Business Park owner threatens to pull plug over planning fallout with council
A Belfast businessman has claimed that an ongoing investigation into alleged breaches of planning regulations at a small business park in Co Antrim is placing 35 jobs as risk.
Simon Hamill, who owns the Nutts Corner Enterprise Park, has said he is prepared to pull the plug on the business project over a major fallout with Antrim and Newtownabbey Borough Council.
Mr Hamill has operated an auction and commercial vehicle business at Nutts Corner for 25 years under The Auction Yard Ltd.
But it's understood that the site's expansion into offering units for small businesses has left him embroiled in an ongoing dispute with planning officials.
He said his site on the Moira Road currently houses 14 small businesses, including charities.
Mr Hamill claimed officials visited the location at 6am on January 2 to issue enforcement notices on all tenants.
Speaking yesterday, he described the action as "vexatious", adding that he is prepared to abandon what he described as an ongoing £2m investment at Nutts Corner "if planning issues are not resolved".
In a statement, a spokesman for Antrim and Newtownabbey Borough Council said: "There is an ongoing enforcement investigation linked to a wide range of breaches of planning control associated with the operation of this site.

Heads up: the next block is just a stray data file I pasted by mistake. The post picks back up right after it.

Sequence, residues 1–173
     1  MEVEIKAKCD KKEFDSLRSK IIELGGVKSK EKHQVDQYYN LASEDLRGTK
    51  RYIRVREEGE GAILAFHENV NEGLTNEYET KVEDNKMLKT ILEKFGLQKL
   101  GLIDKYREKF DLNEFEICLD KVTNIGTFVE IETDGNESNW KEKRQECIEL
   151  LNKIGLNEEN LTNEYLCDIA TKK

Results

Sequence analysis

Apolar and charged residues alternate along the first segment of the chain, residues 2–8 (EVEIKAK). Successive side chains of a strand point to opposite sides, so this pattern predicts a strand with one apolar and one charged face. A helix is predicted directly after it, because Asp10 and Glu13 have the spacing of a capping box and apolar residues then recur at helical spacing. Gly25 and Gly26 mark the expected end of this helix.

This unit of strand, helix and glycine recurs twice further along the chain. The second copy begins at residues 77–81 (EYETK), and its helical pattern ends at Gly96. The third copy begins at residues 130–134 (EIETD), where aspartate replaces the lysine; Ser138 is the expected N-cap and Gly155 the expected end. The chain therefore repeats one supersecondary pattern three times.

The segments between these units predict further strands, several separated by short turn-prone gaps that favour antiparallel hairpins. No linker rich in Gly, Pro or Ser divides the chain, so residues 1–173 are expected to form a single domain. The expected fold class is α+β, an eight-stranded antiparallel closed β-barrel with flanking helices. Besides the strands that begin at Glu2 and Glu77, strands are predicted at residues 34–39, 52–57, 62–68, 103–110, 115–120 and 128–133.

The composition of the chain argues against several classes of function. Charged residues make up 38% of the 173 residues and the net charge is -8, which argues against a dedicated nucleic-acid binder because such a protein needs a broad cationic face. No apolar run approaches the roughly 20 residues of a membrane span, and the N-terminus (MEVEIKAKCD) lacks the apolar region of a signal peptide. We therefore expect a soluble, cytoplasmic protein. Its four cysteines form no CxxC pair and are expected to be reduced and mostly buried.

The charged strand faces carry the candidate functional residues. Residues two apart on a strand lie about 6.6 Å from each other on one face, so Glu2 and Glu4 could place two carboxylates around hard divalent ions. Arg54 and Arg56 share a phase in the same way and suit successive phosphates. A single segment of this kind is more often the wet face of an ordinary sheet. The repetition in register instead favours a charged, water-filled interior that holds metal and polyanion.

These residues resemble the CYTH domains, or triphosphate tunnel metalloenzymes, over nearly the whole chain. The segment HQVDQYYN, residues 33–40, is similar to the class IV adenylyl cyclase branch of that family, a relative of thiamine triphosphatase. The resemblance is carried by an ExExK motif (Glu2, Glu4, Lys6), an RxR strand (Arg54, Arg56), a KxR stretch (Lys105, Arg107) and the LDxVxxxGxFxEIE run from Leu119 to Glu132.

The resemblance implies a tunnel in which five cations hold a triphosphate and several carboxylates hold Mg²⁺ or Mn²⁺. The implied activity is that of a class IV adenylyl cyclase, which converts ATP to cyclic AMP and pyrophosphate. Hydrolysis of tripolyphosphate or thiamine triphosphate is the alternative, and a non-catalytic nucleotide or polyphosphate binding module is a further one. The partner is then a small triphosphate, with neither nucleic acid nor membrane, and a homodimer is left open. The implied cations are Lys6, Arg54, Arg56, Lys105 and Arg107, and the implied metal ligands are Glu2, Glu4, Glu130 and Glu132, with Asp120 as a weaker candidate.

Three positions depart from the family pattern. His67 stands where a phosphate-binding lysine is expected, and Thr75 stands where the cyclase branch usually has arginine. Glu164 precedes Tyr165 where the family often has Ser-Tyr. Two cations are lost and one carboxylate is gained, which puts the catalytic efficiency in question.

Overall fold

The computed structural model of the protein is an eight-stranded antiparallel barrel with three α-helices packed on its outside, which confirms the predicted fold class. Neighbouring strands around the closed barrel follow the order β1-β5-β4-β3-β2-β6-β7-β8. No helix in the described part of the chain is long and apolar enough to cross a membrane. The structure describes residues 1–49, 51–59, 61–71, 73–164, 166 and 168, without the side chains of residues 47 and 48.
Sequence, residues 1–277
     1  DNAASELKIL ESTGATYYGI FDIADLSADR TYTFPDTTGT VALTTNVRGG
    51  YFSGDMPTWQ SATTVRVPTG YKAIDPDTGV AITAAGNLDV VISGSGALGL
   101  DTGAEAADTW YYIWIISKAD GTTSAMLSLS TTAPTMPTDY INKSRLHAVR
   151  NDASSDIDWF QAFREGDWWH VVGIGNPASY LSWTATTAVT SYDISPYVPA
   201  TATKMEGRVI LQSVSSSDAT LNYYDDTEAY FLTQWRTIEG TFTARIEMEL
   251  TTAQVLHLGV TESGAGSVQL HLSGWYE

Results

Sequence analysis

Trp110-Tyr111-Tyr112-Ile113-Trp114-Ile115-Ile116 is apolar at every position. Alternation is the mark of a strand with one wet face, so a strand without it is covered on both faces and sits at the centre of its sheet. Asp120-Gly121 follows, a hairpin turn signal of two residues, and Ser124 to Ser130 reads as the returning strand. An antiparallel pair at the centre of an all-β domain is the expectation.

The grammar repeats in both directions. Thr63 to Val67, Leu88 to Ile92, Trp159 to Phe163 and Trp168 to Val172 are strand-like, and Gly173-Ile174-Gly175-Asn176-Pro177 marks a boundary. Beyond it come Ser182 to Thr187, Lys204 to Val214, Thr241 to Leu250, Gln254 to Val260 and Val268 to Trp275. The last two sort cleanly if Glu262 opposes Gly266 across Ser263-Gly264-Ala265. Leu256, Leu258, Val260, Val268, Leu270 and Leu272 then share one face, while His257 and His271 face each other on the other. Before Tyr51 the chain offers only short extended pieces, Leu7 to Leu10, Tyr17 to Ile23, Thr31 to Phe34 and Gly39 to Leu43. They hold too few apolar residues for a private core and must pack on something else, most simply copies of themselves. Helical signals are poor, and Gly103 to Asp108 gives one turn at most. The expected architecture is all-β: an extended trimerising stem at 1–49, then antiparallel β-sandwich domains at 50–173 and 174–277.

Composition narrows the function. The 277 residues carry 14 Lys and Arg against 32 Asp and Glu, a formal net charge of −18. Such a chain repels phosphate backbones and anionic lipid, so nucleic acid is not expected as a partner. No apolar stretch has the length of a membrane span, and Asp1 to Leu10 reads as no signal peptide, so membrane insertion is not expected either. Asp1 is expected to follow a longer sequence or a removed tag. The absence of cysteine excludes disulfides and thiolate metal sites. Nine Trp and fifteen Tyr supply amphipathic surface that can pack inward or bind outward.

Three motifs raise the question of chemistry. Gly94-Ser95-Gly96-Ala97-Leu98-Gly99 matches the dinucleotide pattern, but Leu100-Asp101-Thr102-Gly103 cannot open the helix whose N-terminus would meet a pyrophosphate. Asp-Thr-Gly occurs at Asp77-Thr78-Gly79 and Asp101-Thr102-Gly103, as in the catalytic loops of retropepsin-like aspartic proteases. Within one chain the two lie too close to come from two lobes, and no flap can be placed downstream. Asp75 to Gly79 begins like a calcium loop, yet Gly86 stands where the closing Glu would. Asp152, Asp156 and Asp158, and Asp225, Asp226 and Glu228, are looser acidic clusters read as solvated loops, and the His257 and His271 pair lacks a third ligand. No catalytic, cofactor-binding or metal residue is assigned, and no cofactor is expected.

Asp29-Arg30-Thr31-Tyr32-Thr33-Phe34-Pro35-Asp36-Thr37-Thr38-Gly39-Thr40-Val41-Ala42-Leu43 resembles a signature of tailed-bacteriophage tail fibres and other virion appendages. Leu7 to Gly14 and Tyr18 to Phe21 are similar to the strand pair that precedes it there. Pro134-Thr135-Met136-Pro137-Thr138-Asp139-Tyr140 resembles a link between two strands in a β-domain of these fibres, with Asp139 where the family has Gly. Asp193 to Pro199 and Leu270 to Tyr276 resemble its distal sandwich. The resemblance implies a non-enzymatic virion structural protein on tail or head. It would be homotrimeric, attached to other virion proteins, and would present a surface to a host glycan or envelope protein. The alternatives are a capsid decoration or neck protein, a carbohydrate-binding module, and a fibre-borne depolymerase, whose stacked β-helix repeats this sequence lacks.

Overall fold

"As investigations are ongoing and subject to court action, the council considers it would be inappropriate to comment further at this time."
But Mr Hamill responded: "If Antrim and Newtownabbey planning does not see common sense and simply stop this vexatious action against me and the tenants in regard to the site, then I have no alternative to make good on what I say.
"The whole thing is very frustrating for me as a business owner. I am about to pull the plug on the whole lot, the tenants are all very nervous," he said. "The whole thing is a nonsense."
The statement issued by the Belfast businessman is not the first time he has gone public over a dispute with Antrim and Newtownabbey Borough Council.
In 2017, Mr Hamill clashed with the local authority over a legal notice to remove an ambulance due to be donated to a cancer charity from his property. The vehicle was destined for Northern Irish Cancer Care, which transports patients from their homes to hospitals and hospices.
It had been parked at his property for a number of months, bearing a sign encouraging donations to cover the £10,000 cost price.
Mr Hamill said planning officials ordered the charity ambulance be removed on the grounds that "retail is not permitted" on that section of the property.
His refusal to back down over the legal wrangle ended up in court.